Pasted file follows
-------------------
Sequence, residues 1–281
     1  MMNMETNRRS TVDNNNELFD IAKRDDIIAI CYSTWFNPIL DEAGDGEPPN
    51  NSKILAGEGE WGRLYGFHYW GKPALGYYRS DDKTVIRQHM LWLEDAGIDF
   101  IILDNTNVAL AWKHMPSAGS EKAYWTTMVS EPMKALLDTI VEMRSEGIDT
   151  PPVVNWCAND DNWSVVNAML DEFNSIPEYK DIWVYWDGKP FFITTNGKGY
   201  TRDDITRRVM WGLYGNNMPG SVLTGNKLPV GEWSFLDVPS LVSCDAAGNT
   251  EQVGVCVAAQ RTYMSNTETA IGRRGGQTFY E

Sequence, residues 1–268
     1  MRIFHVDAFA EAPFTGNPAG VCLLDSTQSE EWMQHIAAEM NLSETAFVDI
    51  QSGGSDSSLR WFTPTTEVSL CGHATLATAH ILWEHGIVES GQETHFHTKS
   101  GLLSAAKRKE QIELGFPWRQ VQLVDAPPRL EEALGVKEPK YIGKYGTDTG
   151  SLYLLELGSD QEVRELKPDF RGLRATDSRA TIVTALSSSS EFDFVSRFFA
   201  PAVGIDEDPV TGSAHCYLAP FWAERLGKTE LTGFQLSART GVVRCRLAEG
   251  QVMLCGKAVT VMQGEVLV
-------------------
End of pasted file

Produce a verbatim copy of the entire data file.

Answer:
Sequence, residues 1–281
     1  MMNMETNRRS TVDNNNELFD IAKRDDIIAI CYSTWFNPIL DEAGDGEPPN
    51  NSKILAGEGE WGRLYGFHYW GKPALGYYRS DDKTVIRQHM LWLEDAGIDF
   101  IILDNTNVAL AWKHMPSAGS EKAYWTTMVS EPMKALLDTI VEMRSEGIDT
   151  PPVVNWCAND DNWSVVNAML DEFNSIPEYK DIWVYWDGKP FFITTNGKGY
   201  TRDDITRRVM WGLYGNNMPG SVLTGNKLPV GEWSFLDVPS LVSCDAAGNT
   251  EQVGVCVAAQ RTYMSNTETA IGRRGGQTFY E

Sequence, residues 1–268
     1  MRIFHVDAFA EAPFTGNPAG VCLLDSTQSE EWMQHIAAEM NLSETAFVDI
    51  QSGGSDSSLR WFTPTTEVSL CGHATLATAH ILWEHGIVES GQETHFHTKS
   101  GLLSAAKRKE QIELGFPWRQ VQLVDAPPRL EEALGVKEPK YIGKYGTDTG
   151  SLYLLELGSD QEVRELKPDF RGLRATDSRA TIVTALSSSS EFDFVSRFFA
   201  PAVGIDEDPV TGSAHCYLAP FWAERLGKTE LTGFQLSART GVVRCRLAEG
   251  QVMLCGKAVT VMQGEVLV